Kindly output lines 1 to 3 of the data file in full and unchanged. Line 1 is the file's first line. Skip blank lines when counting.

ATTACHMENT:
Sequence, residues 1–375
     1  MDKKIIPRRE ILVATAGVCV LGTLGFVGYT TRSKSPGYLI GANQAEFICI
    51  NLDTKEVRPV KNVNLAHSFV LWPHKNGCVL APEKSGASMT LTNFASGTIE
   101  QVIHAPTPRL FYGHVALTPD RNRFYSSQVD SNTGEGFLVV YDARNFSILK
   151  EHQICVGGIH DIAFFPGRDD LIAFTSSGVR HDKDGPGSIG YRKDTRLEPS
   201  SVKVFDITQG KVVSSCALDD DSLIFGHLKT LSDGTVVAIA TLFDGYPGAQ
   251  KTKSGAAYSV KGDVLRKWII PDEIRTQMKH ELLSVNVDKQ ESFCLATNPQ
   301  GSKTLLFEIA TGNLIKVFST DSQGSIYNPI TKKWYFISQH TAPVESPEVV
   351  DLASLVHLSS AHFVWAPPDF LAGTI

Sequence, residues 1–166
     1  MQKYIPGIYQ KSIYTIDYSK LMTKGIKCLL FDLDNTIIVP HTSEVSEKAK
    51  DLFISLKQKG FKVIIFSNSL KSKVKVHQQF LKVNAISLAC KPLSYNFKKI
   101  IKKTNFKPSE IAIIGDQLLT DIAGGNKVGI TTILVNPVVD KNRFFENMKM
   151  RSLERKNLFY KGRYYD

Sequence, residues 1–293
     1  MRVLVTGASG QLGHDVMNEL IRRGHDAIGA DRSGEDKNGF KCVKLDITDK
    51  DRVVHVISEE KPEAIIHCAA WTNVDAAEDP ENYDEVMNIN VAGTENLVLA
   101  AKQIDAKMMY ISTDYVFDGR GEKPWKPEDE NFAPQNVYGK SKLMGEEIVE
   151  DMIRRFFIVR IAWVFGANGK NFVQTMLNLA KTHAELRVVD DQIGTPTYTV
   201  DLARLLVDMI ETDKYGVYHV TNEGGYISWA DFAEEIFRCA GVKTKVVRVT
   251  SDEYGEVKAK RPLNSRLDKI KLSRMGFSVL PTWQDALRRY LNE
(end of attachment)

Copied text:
Sequence, residues 1–375
     1  MDKKIIPRRE ILVATAGVCV LGTLGFVGYT TRSKSPGYLI GANQAEFICI
    51  NLDTKEVRPV KNVNLAHSFV LWPHKNGCVL APEKSGASMT LTNFASGTIE